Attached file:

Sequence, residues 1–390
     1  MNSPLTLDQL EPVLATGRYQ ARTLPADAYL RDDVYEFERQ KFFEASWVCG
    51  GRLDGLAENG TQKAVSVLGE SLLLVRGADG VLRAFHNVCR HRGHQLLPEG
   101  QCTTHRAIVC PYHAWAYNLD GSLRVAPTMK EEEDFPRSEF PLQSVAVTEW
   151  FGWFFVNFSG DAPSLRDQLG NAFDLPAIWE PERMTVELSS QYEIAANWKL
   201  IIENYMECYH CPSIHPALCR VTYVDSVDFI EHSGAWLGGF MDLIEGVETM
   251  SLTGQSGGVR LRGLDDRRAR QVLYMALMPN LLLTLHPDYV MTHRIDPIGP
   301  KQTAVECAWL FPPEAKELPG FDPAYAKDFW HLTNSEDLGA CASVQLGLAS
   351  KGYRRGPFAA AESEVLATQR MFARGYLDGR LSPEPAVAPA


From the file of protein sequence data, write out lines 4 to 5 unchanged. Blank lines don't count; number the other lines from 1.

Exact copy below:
   101  QCTTHRAIVC PYHAWAYNLD GSLRVAPTMK EEEDFPRSEF PLQSVAVTEW
   151  FGWFFVNFSG DAPSLRDQLG NAFDLPAIWE PERMTVELSS QYEIAANWKL